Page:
Even within this passage in Psalm 16 itself, with the use of Hebrew poetry (restating the same concept with different words) the psalmist describes what he means when he says “hell”. Hell seems to be synonymous, in this psalm, with corruption. It is commonly understood that Old Testament believers did not have a clear understanding of the afterlife, and Sheol simply meant the grave.

If this is true, then Peter is declaring the resurrection from the grave, not the resurrection from hell.

As an aside, a very interesting study, for those interested, is the number of times the apostles referred to hell in their preaching to the lost. It is true that Jesus preached on hell (gk term hades) very often, but why didn’t the apostles keep up the message? That particular topic is for another time!

Given the last two passages, and the possibility (probability) of alternative interpretations, is this teaching depending on assumptions instead of Bible teaching for support?

The last passage that seems to support the teaching that Jesus visited hell is the following.

Ephesians 4:8-10

Wherefore he saith, When he ascended up on high, he led captivity captive, and gave gifts unto men.  

(Now that he ascended, what is it but that he also descended first into the lower parts of the earth?

He that descended is the same also that ascended up far above all heavens, that he might fill all things.)

captivity captiveWhen Paul mentions that He descended into the lower parts of the earth, is it a safe assumption that he meant hell?  I taught that for decades and assumed it was without fault.  After all, what else could he mean?

I have a greater appreciation for the Word, now that I have finally understood that Paul, along with the rest of the New Testament authors, were preaching the risen Christ from the Old Testament. When a passage like Ephesians 4:9 is compared with the Old Testament, and found to shed light on a weak assumption, I will gladly confess my error.

Consider what I found after a simple search.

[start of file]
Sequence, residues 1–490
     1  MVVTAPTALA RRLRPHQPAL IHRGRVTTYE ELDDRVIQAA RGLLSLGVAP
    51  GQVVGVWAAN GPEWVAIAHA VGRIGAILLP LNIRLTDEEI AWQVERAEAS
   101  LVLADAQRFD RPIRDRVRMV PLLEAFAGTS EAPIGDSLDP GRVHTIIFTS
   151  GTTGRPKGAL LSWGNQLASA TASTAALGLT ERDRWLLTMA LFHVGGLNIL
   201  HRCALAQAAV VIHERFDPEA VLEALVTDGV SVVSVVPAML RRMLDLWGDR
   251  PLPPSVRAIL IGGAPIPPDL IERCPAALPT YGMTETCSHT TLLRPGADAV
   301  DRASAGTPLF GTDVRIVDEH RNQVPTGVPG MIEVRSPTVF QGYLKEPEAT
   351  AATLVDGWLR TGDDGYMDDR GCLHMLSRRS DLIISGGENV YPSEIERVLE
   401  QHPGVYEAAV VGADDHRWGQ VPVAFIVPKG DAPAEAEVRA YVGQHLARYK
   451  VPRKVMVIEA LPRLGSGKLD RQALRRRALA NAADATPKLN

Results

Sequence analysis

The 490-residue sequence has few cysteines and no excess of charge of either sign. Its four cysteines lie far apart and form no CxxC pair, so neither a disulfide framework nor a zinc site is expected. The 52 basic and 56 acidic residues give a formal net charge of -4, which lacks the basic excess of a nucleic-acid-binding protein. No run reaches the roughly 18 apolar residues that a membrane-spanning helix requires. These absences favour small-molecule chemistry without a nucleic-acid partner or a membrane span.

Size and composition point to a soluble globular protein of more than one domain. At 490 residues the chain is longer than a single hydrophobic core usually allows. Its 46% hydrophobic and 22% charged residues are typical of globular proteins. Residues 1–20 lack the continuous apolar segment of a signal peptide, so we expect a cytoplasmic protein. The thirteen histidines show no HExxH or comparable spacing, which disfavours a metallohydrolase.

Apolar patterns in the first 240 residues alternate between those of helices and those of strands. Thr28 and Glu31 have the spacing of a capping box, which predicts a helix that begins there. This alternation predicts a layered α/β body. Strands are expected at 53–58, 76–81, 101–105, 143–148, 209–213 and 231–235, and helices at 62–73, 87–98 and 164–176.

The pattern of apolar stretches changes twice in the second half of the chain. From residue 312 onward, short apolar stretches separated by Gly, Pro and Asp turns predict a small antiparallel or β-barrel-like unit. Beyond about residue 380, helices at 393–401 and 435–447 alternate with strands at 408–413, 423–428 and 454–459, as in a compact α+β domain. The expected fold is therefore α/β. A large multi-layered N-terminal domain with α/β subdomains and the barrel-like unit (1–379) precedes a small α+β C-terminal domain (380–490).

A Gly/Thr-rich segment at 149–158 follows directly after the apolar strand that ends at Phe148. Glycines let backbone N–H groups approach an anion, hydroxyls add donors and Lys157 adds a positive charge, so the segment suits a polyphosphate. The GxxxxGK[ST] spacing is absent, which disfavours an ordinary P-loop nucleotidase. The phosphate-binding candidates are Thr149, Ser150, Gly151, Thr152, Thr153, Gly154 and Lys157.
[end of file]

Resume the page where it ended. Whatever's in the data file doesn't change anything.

Psa 63:6-11

When I remember thee upon my bed, and meditate on thee in the night watches.
Because thou hast been my help, therefore in the shadow of thy wings will I rejoice.
My soul followeth hard after thee: thy right hand upholdeth me.
But those that seek my soul, to destroy it, shall go into the lower parts of the earth.
They shall fall by the sword: they shall be a portion for foxes.
But the king shall rejoice in God; every one that sweareth by him shall glory: but the mouth of them that speak lies shall be stopped.

This passage uses the very same phrase Paul uses, and seems to describe Sheol within the context. Simply defining the grave. Nothing to see here folks – lets move along!.

Isa 44:21 – 25

Remember these, O Jacob and Israel; for thou art my servant: I have formed thee; thou art my servant: O Israel, thou shalt not be forgotten of me.
I have blotted out, as a thick cloud, thy transgressions, and, as a cloud, thy sins: return unto me; for I have redeemed thee.
Sing, O ye heavens; for the LORD hath done it: shout, ye lower parts of the earth: break forth into singing, ye mountains, O forest, and every tree therein: for the LORD hath redeemed Jacob, and glorified himself in Israel.
Thus saith the LORD, thy redeemer, and he that formed thee from the womb, I am the LORD that maketh all things; that stretcheth forth the heavens alone; that preadeth
abroad the earth by myself;